The best ways to prevent HIV infection are: 

  • Get tested often.  
  • If you have suspected ongoing exposure to the virus, you can and should take a medication called pre-exposure prophylaxis (PrEP). 
  • If you use injection drugs, take advantage of a clean needle exchange program and seek treatment for opioid use disorder. 

PrEP and PEP 

When taken consistently, PrEP can prevent HIV infection. However, people on this medication still require regular, frequent monitoring of their HIV status. If used inappropriately by patients who already have HIV, PrEP can be harmful and even induce resistant strains of the virus.That’s why it should only be used by people who are HIV-negative. 

There’s also a medication called post-exposure prophylaxis, or PEP. People who have already been exposed to HIV, or suspect as much, are urged to take PEP as soon as possible, preferably within 48 hours of exposure. 

The HAART of the matter 

Large-scale prospective studies of patients with HIV on today’s anti-retroviral therapy (HAART) found no transmission of the virus to their sexual partners. Zero.  

“We call that phenomenon U equals U, which means ‘undetectable=untransmissible,’ Dr. Scallon says. As long as patients remain on HAART, it’s almost as if they don’t have HIV. Their viral load drops to zero, and their ability to transmit it drops accordingly.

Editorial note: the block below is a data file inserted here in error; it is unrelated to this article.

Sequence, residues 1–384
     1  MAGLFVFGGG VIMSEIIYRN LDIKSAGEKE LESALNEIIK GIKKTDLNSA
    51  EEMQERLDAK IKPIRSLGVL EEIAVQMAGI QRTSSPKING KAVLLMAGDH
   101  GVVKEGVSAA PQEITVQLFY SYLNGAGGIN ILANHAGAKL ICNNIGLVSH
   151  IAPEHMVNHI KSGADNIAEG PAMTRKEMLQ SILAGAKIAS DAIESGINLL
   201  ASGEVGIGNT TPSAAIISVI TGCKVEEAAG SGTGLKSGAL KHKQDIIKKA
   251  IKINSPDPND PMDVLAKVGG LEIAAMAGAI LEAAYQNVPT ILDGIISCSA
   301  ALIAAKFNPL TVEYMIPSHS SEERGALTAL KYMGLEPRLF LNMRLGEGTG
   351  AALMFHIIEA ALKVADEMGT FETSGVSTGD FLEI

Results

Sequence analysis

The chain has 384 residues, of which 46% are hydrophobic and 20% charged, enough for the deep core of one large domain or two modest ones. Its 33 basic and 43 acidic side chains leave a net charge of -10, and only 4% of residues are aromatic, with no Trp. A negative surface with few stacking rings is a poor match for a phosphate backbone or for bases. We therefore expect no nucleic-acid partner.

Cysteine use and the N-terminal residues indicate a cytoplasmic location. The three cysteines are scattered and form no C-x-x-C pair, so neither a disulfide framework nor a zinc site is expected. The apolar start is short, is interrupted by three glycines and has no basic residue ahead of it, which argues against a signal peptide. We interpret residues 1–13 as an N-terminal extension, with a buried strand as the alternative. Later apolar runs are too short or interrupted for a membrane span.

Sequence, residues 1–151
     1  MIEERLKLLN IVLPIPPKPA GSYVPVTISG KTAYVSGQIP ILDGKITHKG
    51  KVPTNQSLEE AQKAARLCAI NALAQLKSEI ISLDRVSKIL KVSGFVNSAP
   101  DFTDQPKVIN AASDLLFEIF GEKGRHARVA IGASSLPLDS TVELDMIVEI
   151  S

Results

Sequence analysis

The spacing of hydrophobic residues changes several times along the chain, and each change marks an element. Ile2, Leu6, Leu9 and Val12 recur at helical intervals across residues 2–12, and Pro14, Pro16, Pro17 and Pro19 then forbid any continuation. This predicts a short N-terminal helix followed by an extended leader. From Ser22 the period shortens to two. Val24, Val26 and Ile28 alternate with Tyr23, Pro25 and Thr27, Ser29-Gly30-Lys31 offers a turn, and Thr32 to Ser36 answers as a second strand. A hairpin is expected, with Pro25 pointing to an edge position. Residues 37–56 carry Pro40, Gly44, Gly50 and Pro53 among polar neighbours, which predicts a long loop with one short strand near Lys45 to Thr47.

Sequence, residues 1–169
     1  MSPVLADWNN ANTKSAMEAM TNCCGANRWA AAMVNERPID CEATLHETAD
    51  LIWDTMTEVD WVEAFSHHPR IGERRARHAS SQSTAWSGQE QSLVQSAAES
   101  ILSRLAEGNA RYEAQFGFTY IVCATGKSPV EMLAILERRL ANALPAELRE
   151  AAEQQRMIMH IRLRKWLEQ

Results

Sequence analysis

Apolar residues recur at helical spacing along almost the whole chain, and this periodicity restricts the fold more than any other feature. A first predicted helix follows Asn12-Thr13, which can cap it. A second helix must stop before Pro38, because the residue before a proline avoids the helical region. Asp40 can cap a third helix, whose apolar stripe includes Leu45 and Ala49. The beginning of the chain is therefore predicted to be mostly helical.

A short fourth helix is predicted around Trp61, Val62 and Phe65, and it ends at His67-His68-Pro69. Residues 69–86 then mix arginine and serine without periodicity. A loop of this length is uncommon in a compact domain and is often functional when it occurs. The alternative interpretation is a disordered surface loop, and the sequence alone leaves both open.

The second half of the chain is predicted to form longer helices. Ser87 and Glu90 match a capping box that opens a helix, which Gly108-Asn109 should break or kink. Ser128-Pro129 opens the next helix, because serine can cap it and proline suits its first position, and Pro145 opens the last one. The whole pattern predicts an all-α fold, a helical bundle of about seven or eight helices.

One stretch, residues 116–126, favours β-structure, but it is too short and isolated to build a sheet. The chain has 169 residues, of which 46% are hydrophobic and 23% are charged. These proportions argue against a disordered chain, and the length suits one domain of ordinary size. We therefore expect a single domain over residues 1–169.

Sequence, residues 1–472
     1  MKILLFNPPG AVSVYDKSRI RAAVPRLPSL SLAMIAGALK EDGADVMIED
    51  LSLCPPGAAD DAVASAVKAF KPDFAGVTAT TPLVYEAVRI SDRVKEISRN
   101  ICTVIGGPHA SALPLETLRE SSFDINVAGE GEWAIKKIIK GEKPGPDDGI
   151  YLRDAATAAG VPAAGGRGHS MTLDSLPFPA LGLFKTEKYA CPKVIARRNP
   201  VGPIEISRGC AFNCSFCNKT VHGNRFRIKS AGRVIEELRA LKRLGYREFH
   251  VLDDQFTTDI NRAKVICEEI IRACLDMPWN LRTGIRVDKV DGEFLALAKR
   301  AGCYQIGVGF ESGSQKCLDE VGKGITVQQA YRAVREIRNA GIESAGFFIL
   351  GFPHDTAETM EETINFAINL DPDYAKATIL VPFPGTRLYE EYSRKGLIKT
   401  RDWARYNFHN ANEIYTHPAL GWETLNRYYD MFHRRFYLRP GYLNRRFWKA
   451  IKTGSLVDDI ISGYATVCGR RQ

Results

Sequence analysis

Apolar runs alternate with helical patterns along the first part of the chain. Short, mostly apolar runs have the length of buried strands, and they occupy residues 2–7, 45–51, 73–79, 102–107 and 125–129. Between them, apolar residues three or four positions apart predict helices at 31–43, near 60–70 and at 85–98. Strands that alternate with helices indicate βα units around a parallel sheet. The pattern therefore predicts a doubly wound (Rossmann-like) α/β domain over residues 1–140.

U=U lends further support to the idea that the most important step in preventing and, eventually, eradicating HIV is knowing everyone’s status and offering anti-retroviral therapy to all who need it. 

The persistence of stigma 

HIV disproportionately effects disadvantaged groups who have been historically ostracized, both within the medical community and by society at large, Dr. Scallon explains. But accepting stigma as a permanent feature of society is unwarranted. 

“Societies that are more inclusive and tolerant do better than repressive, punitive societies,” he says. “The positive impact of harm reduction policies is clear, based on all available evidence. The more open we are as a society with respect to safe sex practices and safe intravenous drug use, and the more we support the use of medications like PrEP and anti-retrovirals, the lower the HIV positivity rate will be.” 

Toward eradication 

However, a greater effort will be needed to eradicate HIV in the U.S., focused mainly on testing and treatment. Globally, says Dr. Scallon, there are regions where homosexuality is criminalized and punishment of drug use is draconian. These societies continue to experience far higher rates of HIV incidence compared to more tolerant societies. 

Still, we’ve made enormous progress in decreasing the numbers of HIV infection through testing and treatment. To benefit from these advances, it’s critical to know your HIV status. If you haven’t gotten tested yet, it’s time to step up and make the decision to get tested ASAP. 

You can discuss testing and sexual health issues with your primary care doctor. Make an appointment here.